Thursday, November 4, 2010

The Year That Was - 1990

1990…unreal how long ago that was…I was a sophomore/junior in high school, started my first job, joined my first “real” band (i.e. we actually played shows), experienced the “magic summer,” dated some dumb girl, etc. Also, some pretty great music came out and was enjoyed by many, despite the likes of Madonna, MC Hammer and Vanilla Ice dominating the airwaves.

Here are a few, though not all, of the great albums still not quite old enough to drink…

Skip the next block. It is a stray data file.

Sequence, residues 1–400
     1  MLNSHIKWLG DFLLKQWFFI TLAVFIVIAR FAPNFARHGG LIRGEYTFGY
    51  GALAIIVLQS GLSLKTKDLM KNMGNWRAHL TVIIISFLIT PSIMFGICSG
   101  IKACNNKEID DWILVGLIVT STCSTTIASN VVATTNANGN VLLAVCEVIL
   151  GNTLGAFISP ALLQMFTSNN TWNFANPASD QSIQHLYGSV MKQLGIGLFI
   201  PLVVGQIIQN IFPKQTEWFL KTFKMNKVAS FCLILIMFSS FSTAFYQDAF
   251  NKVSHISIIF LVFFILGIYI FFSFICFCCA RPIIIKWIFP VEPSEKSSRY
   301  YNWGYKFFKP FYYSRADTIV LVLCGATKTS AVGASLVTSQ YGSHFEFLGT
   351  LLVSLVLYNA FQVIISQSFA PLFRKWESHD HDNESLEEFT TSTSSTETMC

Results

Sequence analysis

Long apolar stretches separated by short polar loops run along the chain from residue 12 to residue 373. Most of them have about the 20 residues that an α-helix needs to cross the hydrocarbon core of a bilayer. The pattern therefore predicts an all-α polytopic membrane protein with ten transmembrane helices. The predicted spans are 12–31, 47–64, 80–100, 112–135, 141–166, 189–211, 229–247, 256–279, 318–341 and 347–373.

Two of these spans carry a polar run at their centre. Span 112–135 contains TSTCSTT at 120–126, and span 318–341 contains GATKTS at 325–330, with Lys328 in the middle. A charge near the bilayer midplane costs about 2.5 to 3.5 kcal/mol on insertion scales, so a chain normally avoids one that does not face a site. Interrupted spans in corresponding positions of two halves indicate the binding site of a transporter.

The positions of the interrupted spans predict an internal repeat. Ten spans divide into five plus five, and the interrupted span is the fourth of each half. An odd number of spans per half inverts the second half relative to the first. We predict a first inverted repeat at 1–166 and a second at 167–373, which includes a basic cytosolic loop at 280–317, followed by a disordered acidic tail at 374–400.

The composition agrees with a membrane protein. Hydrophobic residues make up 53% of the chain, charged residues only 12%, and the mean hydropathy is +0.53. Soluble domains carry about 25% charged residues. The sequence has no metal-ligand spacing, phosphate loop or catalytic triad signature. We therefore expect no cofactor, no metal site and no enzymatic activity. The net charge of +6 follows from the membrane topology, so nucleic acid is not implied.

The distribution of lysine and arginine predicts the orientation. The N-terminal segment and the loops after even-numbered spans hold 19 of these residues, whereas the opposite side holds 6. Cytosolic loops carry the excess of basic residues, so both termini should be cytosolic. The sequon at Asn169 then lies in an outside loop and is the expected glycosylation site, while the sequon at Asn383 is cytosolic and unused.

The Chills – Submarine Bells: One of my favorite discoveries from a few years back while exploring all the musical wonders of New Zealand, the Chills are a brand of pop that is warmly familiar and yet like no other. It’s rare to find an artist who can so aptly cover the polar spectrum of purest joy and fiercest anger, but Martin Phillips’ bittersweet view of life tops both heights with a whimsical passion that is as emotionally striking as it is aurally satisfying, and does this no better than on their US debut, Submarine Bells. Heavenly Pop Hit is just that, absolutely one of the most uplifting pop songs ever written, while Familiarity Breeds Contempt’s viciously abrasive assault could almost isolate the listener if it weren’t such an intriguing pleasure, and there’s plenty of the in between as well. From the lullaby trance of Singing in My Sleep to the beat all bravado of The Oncoming Day, the Chills will pick you up and put you back down again, winded but worth the ride.